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Ill wind: politics and other mistakes  

Most of Maine is too butt-ugly to preserve.

That’s not my opinion. That’s the official position of the Governor’s Task Force on Tourists Who Accidentally Wander Into Downtown Skowhegan. You can understand how such a high-level assemblage might have arrived at that conclusion. The kind of people who get appointed to a gubernatorial task force tend not to be the sort of folks who are overly inclined to locate a town’s best honky-tonks. Once they discover there’s no opera house or abstract-expressionist artist support group, they don’t engage in much further exploration of a municipality’s cultural attractions.

As a result, it would be easy to dismiss these findings as the work of a bunch of Portland-centric snobs whose only exposure to “The Other Maine” has been a ski weekend in Bethel and a report on the potato harvest they heard on Maine Public Radio. Oh, and a summer trip that took them through Calais.

The one in France.

But before we commit the end product of all blue-ribbon commissions to the environmentally restoring effects of the septic system, we should at least consider the conclusions of the latest such panel: The Governor’s Task Force on Wind Power Development, which produced a report called “Finding Common Ground For a Common Purpose.”

Based on a quick reading of this document, I assume that’s “Common” in the sense of “run-of-the-mill, plebian, provincial, low-bred, and insignificant.”

The report concluded – and here I’m paraphrasing just a little – that most of Maine is too butt-ugly to preserve. Now, where have I heard that before?

Since that’s the case, the document designated much of the state as “Expedited Review Areas,” which means “areas within the state that appear to be most appropriate for wind power development.” These areas include “all organized towns and a portion of the Land Use Regulation Commission’s (LURC) jurisdiction.” That’s a majority of the state, excepting only a few state parks, the views from the verandas of task-force members’ vacation homes, and two honky-tonks in Skowhegan. These places were exempted because, “There may be a limit to how much wind power development the people of Maine will accept.”

Particularly those people of Maine who, like me, may be forced to accept huge turbines in their backyards.

Still, that’s a pretty generous concession, considering the report’s central claim: “Wind power is broadly recognized to be the most significant, economically viable, utility-scale, renewable source of electricity currently available.”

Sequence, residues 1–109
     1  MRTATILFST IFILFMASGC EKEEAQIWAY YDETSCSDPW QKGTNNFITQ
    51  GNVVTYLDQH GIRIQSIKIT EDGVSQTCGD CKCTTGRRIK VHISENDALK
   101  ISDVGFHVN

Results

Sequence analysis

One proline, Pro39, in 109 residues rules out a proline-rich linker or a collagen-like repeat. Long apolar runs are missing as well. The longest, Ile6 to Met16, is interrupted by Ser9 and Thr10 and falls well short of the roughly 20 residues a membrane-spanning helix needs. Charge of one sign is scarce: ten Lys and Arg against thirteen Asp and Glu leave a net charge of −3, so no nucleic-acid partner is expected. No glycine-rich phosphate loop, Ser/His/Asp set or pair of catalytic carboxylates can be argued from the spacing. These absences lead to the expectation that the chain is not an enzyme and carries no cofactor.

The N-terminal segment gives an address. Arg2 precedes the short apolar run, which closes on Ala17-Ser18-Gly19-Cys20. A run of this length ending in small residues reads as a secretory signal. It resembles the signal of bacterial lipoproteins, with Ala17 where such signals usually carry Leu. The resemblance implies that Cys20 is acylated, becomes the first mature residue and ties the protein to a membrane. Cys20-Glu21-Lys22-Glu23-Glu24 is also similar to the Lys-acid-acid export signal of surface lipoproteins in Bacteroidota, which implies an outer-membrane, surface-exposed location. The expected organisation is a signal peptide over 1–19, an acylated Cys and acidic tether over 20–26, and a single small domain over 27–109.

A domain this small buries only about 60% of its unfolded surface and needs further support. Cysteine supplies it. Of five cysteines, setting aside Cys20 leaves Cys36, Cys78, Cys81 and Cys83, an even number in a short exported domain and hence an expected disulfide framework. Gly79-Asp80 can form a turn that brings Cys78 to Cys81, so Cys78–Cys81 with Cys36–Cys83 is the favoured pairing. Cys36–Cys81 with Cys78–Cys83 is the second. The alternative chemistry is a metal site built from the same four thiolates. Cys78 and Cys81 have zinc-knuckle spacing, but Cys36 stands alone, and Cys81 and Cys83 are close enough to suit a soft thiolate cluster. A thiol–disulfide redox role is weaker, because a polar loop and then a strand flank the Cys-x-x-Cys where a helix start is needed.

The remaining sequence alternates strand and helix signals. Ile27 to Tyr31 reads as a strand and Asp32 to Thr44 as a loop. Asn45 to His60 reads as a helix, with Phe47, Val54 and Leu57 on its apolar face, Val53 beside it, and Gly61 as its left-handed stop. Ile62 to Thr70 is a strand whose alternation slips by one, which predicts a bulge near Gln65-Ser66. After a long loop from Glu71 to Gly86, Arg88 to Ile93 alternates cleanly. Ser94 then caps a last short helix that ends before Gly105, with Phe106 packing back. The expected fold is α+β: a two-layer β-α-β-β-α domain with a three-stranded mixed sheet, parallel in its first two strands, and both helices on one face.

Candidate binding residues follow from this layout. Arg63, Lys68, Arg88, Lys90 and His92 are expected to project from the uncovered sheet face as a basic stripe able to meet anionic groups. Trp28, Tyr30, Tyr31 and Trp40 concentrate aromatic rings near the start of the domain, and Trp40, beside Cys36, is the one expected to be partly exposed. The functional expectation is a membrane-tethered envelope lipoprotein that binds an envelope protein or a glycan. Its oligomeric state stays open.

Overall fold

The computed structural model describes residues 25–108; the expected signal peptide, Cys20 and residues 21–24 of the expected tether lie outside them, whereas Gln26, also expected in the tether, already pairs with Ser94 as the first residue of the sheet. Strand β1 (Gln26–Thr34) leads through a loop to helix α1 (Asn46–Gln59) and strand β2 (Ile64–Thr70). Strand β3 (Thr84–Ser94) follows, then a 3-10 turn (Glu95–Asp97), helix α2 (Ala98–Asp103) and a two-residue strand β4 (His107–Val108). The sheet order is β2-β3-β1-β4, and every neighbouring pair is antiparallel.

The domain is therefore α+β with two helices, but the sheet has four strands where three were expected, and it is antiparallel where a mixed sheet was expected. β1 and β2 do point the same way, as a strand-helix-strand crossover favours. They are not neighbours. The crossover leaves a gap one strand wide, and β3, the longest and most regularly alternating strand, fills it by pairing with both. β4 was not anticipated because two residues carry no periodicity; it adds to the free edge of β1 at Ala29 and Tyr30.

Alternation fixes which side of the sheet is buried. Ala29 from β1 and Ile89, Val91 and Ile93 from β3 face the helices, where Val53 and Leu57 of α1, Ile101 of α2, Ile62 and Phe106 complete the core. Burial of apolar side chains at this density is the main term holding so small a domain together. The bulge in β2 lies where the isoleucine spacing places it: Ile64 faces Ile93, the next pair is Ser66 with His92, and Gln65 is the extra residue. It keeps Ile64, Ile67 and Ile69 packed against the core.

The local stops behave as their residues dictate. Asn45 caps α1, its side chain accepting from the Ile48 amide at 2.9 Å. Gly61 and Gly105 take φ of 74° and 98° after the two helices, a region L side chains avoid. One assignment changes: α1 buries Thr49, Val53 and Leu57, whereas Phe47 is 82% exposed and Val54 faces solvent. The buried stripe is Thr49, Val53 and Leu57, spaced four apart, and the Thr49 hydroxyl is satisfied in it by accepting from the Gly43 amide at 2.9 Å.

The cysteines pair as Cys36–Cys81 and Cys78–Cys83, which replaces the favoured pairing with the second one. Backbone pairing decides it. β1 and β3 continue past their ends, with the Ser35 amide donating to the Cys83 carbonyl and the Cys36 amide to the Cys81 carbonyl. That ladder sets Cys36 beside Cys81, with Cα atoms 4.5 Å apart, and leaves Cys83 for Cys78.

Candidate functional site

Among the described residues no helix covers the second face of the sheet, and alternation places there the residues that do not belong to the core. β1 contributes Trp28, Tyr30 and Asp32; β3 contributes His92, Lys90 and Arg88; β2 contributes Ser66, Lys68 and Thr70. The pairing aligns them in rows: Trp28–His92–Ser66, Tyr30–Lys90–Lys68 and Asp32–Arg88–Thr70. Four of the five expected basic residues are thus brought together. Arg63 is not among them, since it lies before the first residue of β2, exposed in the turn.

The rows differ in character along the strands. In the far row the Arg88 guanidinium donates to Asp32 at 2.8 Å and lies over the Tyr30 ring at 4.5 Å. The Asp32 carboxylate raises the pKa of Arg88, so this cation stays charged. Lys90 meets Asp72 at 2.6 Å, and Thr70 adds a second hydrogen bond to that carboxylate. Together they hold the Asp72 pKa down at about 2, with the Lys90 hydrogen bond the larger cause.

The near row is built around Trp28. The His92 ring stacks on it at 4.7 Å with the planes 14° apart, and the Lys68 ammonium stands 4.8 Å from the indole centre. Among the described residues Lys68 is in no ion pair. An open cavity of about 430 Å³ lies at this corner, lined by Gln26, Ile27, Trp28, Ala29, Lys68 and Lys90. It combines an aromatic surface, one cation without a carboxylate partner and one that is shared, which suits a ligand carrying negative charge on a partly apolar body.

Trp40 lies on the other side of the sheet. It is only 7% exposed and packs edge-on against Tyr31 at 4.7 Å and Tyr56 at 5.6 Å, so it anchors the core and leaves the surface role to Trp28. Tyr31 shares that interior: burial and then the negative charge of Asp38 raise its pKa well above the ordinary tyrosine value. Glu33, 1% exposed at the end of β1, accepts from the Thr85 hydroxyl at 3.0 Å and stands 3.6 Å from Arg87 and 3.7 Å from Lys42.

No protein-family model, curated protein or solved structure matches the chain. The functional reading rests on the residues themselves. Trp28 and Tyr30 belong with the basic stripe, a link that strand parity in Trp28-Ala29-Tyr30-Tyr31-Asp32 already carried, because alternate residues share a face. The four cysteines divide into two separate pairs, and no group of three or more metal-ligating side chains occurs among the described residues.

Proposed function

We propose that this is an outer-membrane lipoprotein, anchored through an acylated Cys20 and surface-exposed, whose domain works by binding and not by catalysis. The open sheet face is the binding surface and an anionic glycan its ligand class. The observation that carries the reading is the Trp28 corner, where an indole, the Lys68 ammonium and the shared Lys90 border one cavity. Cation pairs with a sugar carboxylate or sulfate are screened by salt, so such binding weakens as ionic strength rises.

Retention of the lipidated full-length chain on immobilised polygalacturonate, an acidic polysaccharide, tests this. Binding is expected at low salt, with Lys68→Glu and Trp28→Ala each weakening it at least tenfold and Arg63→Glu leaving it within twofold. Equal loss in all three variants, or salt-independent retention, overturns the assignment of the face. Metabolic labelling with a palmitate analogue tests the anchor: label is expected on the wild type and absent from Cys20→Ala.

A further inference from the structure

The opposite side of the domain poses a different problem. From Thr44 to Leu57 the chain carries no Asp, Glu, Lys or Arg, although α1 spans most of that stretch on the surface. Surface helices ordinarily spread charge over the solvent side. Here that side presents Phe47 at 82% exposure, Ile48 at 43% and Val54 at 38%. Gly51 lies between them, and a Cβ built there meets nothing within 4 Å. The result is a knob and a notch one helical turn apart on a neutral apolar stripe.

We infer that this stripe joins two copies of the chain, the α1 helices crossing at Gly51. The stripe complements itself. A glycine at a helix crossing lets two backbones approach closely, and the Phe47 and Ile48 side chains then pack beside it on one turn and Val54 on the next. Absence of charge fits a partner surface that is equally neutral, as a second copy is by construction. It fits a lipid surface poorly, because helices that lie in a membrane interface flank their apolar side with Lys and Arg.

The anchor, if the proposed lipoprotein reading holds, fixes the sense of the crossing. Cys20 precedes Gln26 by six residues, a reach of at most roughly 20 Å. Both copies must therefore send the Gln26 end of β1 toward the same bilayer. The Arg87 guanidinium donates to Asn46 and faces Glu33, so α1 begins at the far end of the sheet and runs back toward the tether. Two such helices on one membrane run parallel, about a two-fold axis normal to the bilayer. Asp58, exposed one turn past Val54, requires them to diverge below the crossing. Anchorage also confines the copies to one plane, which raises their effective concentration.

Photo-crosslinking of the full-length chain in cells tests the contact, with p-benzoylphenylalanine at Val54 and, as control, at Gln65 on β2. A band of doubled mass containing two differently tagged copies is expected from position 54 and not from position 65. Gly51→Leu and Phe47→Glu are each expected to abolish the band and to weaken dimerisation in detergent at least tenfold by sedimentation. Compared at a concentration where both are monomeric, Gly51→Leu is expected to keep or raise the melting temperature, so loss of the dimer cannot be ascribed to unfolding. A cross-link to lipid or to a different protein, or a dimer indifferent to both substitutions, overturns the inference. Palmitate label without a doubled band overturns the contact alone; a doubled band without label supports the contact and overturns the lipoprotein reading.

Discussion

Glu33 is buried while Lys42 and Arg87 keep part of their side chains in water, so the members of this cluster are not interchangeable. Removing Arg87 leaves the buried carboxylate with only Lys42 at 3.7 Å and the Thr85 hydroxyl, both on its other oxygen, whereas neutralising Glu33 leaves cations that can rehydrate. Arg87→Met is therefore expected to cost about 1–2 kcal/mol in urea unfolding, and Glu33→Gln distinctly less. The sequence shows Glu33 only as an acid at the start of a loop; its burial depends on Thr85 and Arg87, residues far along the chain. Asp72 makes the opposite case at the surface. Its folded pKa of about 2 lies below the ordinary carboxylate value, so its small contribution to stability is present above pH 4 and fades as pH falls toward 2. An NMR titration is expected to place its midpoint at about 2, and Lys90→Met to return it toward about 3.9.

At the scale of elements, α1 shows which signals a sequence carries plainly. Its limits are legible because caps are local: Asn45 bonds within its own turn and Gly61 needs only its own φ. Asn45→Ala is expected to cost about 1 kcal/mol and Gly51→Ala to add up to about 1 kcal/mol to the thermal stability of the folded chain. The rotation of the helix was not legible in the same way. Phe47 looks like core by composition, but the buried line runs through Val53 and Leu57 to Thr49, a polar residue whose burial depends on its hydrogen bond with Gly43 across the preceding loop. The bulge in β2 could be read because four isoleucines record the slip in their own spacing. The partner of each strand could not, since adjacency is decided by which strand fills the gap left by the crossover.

It would be difficult to argue with that statement – if that statement meant a damned thing. Let’s examine each aspect of it a little more closely.

Lots of swell ideas have, at one time or another, been “broadly recognized.” The Earth being flat. Lead paint on kids’ toys. Chuck Norris’s political endorsements. ’Nuff said.

“Most significant”? More significant than cold fusion, I suppose, but nowhere near as significant as a decent air-tight wood stove.

As for “economically viable,” wind power is the poster child for government handouts. Without massive federal tax breaks and energy subsidies, nobody would ever consider building these things. And the task force report notes that Maine ought to further underwrite the construction and operation of such facilities with tax-increment financing (the developers don’t have to pay all their property taxes) and Pine Tree Zones (the developers don’t have to pay all their other taxes). Keep in mind that when some special interest isn’t paying all the taxes it would normally owe, everybody else is paying more

Let’s move on to “utility-scale.” That’s task force jargon for “big.” Before it was dismantled, the Maine Yankee Nuclear Plant used to be “utility-scale.” For some reason, nobody in the anti-nuke crowd ever cited that as a positive.

Finally, there’s “renewable.” The wind is the only energy source, except methane from cows, that produces power when it feels like it. When it doesn’t, crank up the not-so-renewable coal- and oil-fired power plants we have to maintain in operational condition as backup. Or, if you want to be truly green, you could opt to sit out the lull, huddled in the dark, wishing and hoping for the gusts to return before the pipes freeze.

Now, let’s get back to butt-ugly. To be fair, the report never uses that specific term. But even without such blunt language, the authors do manage to dismiss the argument of those who make their livings from outdoor recreation and tourism that erecting giant blots all over the landscape might reduce Maine’s scenic value, thereby irreparably harming our largest industry. We just can’t afford to consider visual blight, the task force concluded, when all that cheap energy is waiting to be harnessed.

I’ve heard that argument somewhere before. I think it was, as Bob Dylan so aptly put it, breaking in the wind.

Blowing, I meant blowing.

By Al Diamon

The Phoenix

27 February 2008

This article is the work of the source indicated. Any opinions expressed in it are not necessarily those of National Wind Watch.

The copyright of this article resides with the author or publisher indicated. As part of its noncommercial effort to present the environmental, social, scientific, and economic issues of large-scale wind power development to a global audience seeking such information, National Wind Watch endeavors to observe “fair use” as provided for in section 107 of U.S. Copyright Law and similar “fair dealing” provisions of the copyright laws of other nations. Send requests to excerpt, general inquiries, and comments via e-mail.

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